Km 106 – Nares River. Over 7,000 boats passed along this little river on May 29 and 30, 1898 on the way to the Klondike.
The old Carcross Cemetery, where 4 of the 5 people present when gold was discovered in the Klondike are buried. Tagish Charlie, Skookum Jim Mason, Patsy Henderson and Kate Carmack are all here – only George Carmack isn’t.
Frederick Schwatka conducted a survey of the entire Yukon River for the US Army in 1883, and named hundreds of features
Km 96 – Bove Island. The water flows off to the northeast, against the Yukon River flow.
The limestone mountain is Lime Mountain, and is part of the White Range.
Windy Arm mining boom: for the next few miles, you’ll see quite a few remnants of past silver mining, dating from 1899 to 1980.
Km 89 – Tramway. The tower on the left supported an aerial tramway that went to the top of the ridge on the right and about a mile beyond, a total of 4.5 miles.
Km 87 – Venus Mine. This was the site of a mill for the Venus silver mine during 1969-1970.
Km 85 – Pooley Canyon is a tight slot at the lower end, but about half a mile up, opens up into a magnificent canyon. It was named for pioneer miner John Pooley.
Km 84 – Venus Mill. This mill was built by Colonel Conrad in 1908 in a last-ditch effort to make his mines profitable by reducing shipping costs.
Km 81 – Yukon – BC border. From 1899-1901, this section of the border was surveyed and monuments set up, and a 6-foot-wide clearing cut along the line. Imagine climbing over those peaks 100 years ago.
Km 80.5 – Dail Creek. Note that it is incorrectly signed as Dall Creek – the peak above and to the north is Dail Peak, named after early miner George Dail. Dall sheep and mountain goats are often seen on the slopes of Dail Peak.
Km 78 – Silverdale. The south end of Windy Arm – the flats here was the site of another town-to-be during the Conrad mining rush...
Km 76 – a low pass that separates Windy Arm from Tutshi Lake ("too-shy").
Km 75 – Venus Mine. This was the final incarnation of the Venus silver mine. Built by United Keno Hill Mines, which operated very profitable silver mines in the central Yukon, this mill only operated for 8 days in 1981 before being shut down.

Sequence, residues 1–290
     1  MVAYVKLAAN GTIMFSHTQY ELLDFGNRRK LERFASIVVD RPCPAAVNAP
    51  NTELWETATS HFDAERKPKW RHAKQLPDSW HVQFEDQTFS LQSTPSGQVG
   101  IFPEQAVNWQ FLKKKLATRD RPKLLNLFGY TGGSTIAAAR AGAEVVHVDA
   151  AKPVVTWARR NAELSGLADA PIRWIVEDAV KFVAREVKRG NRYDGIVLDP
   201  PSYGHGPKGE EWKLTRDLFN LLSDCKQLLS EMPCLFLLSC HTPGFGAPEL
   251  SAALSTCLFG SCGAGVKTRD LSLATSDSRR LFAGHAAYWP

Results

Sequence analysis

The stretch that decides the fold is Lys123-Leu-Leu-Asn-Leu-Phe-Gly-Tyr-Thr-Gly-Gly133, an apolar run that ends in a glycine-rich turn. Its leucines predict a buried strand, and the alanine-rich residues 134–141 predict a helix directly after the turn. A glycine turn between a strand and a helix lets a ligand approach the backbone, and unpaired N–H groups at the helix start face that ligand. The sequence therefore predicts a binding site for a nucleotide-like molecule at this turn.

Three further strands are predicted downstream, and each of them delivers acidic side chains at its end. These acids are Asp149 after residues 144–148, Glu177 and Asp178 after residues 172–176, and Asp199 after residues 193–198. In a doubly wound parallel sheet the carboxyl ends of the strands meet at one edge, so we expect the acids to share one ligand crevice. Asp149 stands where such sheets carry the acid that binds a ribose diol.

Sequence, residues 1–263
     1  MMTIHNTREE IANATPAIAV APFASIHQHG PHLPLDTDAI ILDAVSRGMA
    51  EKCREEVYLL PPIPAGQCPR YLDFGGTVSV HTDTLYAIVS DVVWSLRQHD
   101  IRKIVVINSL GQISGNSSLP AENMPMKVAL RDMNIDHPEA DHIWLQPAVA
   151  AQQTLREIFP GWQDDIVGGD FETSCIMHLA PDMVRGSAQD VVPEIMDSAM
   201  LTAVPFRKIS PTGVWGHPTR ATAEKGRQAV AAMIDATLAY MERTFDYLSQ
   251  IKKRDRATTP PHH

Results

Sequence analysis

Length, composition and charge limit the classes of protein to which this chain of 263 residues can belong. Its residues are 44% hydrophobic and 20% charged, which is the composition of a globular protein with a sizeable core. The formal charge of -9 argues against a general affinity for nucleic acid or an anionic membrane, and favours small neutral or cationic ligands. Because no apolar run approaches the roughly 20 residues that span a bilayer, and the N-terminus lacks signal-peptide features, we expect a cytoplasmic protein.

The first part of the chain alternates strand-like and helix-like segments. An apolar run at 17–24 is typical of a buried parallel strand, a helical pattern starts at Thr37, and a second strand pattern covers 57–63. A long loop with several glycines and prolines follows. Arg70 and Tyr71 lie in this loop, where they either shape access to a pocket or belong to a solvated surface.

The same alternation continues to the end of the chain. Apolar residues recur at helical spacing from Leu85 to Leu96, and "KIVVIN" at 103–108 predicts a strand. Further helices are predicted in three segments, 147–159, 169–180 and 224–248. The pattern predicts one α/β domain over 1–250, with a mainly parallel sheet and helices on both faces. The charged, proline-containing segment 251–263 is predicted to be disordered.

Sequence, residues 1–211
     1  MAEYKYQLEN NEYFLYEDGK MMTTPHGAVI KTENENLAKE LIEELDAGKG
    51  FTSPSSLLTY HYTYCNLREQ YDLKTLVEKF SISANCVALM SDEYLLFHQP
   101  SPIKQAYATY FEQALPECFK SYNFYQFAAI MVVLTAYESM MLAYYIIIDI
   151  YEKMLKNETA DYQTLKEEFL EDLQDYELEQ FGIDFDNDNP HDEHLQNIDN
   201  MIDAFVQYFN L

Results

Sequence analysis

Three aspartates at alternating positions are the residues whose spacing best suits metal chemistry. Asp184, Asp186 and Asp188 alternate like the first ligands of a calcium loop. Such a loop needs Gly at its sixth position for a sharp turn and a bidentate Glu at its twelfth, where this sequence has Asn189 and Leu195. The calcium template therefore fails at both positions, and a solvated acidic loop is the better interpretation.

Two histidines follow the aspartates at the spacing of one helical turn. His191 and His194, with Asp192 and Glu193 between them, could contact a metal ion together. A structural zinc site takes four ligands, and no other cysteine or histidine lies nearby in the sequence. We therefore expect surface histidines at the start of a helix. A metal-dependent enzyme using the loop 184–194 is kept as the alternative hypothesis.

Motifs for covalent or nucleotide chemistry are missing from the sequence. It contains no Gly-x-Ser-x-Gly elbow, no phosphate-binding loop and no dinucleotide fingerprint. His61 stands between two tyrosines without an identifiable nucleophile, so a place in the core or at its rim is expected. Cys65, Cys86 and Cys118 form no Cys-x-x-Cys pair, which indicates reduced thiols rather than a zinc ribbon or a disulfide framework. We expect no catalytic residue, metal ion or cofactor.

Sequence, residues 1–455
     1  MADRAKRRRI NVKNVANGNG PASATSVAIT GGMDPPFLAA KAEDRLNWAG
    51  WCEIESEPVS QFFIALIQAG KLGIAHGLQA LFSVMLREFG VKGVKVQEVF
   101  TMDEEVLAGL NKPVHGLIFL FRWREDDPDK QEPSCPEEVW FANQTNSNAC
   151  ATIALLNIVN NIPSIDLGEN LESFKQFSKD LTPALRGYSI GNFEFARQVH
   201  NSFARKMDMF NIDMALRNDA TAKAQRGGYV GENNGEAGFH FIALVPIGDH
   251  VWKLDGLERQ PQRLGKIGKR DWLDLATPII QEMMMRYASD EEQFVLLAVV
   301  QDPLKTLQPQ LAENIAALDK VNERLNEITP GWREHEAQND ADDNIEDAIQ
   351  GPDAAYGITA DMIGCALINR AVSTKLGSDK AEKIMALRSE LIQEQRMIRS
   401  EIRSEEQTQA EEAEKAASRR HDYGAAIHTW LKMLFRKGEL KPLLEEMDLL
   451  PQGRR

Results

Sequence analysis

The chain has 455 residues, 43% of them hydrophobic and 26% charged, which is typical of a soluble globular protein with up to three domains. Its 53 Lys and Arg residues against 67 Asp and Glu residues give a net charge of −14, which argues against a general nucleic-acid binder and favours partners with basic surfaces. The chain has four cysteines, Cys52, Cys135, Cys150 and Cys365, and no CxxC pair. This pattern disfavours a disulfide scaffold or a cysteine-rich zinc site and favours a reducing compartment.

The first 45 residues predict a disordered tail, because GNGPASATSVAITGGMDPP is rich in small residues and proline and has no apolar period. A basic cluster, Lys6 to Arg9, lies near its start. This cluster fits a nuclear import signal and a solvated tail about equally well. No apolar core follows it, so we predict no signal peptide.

Km 73-74 - The south side of the pass down to Tutshi Lake is one of the best places to see black bear along the highway, particularly in the spring when these slopes produce grass earlier than other places.
Km 55 – Coast Mountains. Near the south end of Tutshi Lake, you will notice a dramatic change in the type of rock that the highway cuts through.
Km 46 – Tutshi River is popular with whitewater kayakers.
Km 44 – Log Cabin. Just before crossing the WP&YR tracks, the old town site of Log Cabin is in the forest to the north. It takes a trained eye to see where the main street, Customs House and North West Mounted Police post were. This is the access point for Chilkoot Trail hikers to get back to the highway. The historic trail is 33 miles long, takes 4-5 days to hike now.
Km 43 – Tormented Valley. Try to imagine getting across the granite cliffs and hundreds of lakes and ponds and you can see where the name came from.
Km 25 – Divide Lake. The falls to the right fill a small lake that drains in two directions. Some of the water flows 16 miles to the Pacific Ocean via the Skagway River, and some flows about 2,300 miles to the Bering Sea via the Yukon River.
Mile 14.9 (Km 24) – US-Canada Border. WHITE PASS FRASER RAILWAY STATION.
Train passengers board train – through passengers on to Skagway.
Mile 14.4 – White Pass Summit, 3,292 feet (1003 m.) This is 427 feet higher than the railway goes – it is in the next pass to the east (also part of the White Pass). The pass was named for Thomas White Canadian Minister of the Interior in 1887. The highway now drops steeply for 11.5 miles.